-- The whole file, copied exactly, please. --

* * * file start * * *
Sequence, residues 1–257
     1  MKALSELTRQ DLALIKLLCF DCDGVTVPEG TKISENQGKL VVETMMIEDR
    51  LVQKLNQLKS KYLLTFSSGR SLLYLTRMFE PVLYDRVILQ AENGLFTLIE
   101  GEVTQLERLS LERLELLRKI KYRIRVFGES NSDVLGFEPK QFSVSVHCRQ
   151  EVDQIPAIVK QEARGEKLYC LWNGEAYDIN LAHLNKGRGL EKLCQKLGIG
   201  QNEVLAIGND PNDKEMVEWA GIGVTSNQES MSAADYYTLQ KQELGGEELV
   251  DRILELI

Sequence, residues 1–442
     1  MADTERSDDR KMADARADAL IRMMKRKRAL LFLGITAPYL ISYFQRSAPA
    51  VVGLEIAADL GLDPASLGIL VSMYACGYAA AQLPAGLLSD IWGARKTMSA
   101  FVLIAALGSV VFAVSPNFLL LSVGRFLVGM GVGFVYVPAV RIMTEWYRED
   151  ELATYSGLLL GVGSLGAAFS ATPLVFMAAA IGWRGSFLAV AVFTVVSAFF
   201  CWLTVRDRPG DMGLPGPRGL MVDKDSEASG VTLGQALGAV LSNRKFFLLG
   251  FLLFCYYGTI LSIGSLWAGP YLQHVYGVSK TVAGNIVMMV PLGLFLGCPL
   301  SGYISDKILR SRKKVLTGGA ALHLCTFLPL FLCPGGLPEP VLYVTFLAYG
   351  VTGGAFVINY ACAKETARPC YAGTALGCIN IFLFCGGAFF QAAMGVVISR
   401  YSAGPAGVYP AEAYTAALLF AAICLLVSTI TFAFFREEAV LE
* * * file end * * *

Sequence, residues 1–257
     1  MKALSELTRQ DLALIKLLCF DCDGVTVPEG TKISENQGKL VVETMMIEDR
    51  LVQKLNQLKS KYLLTFSSGR SLLYLTRMFE PVLYDRVILQ AENGLFTLIE
   101  GEVTQLERLS LERLELLRKI KYRIRVFGES NSDVLGFEPK QFSVSVHCRQ
   151  EVDQIPAIVK QEARGEKLYC LWNGEAYDIN LAHLNKGRGL EKLCQKLGIG
   201  QNEVLAIGND PNDKEMVEWA GIGVTSNQES MSAADYYTLQ KQELGGEELV
   251  DRILELI

Sequence, residues 1–442
     1  MADTERSDDR KMADARADAL IRMMKRKRAL LFLGITAPYL ISYFQRSAPA
    51  VVGLEIAADL GLDPASLGIL VSMYACGYAA AQLPAGLLSD IWGARKTMSA
   101  FVLIAALGSV VFAVSPNFLL LSVGRFLVGM GVGFVYVPAV RIMTEWYRED
   151  ELATYSGLLL GVGSLGAAFS ATPLVFMAAA IGWRGSFLAV AVFTVVSAFF
   201  CWLTVRDRPG DMGLPGPRGL MVDKDSEASG VTLGQALGAV LSNRKFFLLG
   251  FLLFCYYGTI LSIGSLWAGP YLQHVYGVSK TVAGNIVMMV PLGLFLGCPL
   301  SGYISDKILR SRKKVLTGGA ALHLCTFLPL FLCPGGLPEP VLYVTFLAYG
   351  VTGGAFVINY ACAKETARPC YAGTALGCIN IFLFCGGAFF QAAMGVVISR
   401  YSAGPAGVYP AEAYTAALLF AAICLLVSTI TFAFFREEAV LE